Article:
by Ken Rankin
Washington - The decision of the European Union to require the use of International Accounting Standards by EU-listed public companies starting Jan. 1, 2005, drew a thumbs up from United States regulators who consider the move a key step toward global uniformity in standards for cross-border securities offerings.
Testifying before the House Financial Services Committee, Securities and Exchange Commission Market Regulation Division director Annette L. Nazareth said that Europe’s shift from "many national accounting standards of varying quality and comprehensiveness to a single EU standard that is developed in an independent and transparent manner is a positive development for both issuers and investors."
Currently, many European companies seeking to offer securities in the U.S. use their native country generally accepted accounting principles and reconcile to U.S. GAAP, while some use IAS. Still others elect to employ U.S. GAAP outright. Much of the current reporting complexities that arise from this approach would be reduced under a common EU standard, Nazareth maintained.
"IAS, applied correctly and consistently, and enforced effectively, would provide a higher degree of quality and transparency in financial statements than the present systems in the EU countries," she said.
The effects of accounting standards uniformity in Europe will also be "generally favorable" for U.S. companies doing business abroad, she said, because "it is expected that U.S. companies will continue to be able to list in the EU using U.S. GAAP, as they do today."
Indeed, Nazareth told Congress that "the benefits of IAS adoption in the EU may take on even greater significance if the Financial Accounting Standards Board and the International Accounting Standards Board make significant progress in achieving convergence on accounting principles."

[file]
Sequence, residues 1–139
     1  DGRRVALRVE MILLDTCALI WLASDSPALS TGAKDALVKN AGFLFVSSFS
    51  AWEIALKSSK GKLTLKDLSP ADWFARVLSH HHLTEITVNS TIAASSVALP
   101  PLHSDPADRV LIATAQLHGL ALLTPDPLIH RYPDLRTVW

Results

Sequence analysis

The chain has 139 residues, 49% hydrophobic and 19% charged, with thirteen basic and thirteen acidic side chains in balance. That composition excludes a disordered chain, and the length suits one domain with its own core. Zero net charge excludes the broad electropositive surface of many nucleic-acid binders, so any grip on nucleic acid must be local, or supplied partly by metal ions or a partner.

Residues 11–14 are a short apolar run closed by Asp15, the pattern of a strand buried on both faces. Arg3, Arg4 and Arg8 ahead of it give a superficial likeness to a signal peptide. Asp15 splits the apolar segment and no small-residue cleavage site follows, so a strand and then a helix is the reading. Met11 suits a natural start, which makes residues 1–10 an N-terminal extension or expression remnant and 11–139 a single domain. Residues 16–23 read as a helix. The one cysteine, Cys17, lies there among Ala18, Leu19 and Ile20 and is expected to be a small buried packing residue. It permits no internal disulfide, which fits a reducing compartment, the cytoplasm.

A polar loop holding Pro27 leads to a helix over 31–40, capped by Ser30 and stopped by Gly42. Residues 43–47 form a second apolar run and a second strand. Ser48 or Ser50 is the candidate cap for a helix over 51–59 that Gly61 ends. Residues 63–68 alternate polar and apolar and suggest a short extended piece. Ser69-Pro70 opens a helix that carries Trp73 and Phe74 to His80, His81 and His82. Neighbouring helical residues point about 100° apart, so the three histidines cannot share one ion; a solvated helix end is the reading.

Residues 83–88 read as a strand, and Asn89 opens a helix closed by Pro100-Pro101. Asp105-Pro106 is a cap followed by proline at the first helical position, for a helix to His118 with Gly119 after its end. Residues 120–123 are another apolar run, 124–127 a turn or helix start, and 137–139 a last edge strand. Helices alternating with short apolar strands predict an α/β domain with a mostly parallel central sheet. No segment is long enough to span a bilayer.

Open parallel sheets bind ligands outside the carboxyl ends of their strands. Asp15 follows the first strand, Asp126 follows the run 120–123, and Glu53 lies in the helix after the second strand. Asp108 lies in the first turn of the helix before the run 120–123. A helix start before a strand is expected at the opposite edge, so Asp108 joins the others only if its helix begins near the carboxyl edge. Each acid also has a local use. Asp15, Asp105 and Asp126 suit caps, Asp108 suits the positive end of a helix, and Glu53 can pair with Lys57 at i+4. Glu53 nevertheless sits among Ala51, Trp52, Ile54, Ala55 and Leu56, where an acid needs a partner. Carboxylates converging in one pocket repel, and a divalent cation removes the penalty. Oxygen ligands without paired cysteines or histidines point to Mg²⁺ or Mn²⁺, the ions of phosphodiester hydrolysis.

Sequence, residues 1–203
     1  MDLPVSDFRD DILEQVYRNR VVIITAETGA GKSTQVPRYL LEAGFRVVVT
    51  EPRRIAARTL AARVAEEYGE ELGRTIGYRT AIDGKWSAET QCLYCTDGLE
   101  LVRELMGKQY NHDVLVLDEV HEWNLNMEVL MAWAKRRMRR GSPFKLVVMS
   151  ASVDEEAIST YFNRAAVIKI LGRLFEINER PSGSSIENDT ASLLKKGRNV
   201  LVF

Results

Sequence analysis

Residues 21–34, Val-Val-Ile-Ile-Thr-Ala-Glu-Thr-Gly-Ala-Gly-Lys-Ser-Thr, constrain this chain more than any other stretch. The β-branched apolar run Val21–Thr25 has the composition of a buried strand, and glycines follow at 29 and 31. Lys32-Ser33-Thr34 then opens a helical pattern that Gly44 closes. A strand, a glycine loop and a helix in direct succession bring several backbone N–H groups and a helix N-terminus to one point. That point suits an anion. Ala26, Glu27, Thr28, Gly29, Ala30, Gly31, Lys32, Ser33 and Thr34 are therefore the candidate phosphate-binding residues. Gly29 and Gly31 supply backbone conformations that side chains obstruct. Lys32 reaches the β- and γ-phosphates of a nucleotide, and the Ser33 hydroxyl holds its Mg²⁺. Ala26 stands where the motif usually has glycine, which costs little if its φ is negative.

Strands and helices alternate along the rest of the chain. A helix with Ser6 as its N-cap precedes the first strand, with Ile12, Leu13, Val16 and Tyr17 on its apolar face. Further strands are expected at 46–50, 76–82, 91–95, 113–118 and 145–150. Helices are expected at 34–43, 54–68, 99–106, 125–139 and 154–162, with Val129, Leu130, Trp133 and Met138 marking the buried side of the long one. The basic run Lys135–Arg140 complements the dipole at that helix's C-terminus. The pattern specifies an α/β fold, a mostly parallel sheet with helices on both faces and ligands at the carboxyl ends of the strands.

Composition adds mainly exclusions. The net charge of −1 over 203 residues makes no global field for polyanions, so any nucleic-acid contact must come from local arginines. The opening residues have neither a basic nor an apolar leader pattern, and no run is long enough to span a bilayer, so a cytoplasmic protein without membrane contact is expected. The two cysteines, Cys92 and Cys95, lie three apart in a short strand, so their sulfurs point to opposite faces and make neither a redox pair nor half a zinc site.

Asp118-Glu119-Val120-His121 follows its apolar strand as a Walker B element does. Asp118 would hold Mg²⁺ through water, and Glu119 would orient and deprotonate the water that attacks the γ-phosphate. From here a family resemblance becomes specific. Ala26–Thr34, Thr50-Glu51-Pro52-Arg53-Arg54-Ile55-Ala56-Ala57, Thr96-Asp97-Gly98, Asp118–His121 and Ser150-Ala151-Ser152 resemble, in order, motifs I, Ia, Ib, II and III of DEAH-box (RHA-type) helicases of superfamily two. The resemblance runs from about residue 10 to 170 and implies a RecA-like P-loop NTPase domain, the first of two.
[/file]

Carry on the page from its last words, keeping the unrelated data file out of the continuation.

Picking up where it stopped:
The goal of a global convergence of accounting standards moved closer to reality in May when the IASB unveiled plans for a series of key improvements in the current standards that govern cross-border securities offerings.
Those changes, advanced in the form of an exposure draft, seek to foster convergence of international accounting standards by establishing uniformity in a number of murky areas of financial reporting.
In addition to eliminating accounting loopholes, such as the use of a narrow definition of "related parties" by some countries, the exposure draft also seeks to prohibit accountants from labeling items of income or expense as "extraordinary items," either in the income statement or in the notes.
The plan also eliminates certain options for accountants using IAS, including the "LIFO" (last-in, first-out) inventory valuation method that is widely used in the U.S. and other countries.
Calling the exposure draft a first step toward establishing "a globally accepted set of accounting standards," IASB officials pledged to press forward to "promote convergence on high quality solutions" in other areas where cross-border differences exist.
"In the next quarter, our priorities will be to bring forward draft guidance for those adopting international standards for the first time and proposals to overhaul the reporting of business combinations, including reforms to accounting for goodwill," said IASB chairman Sir David Tweedie.
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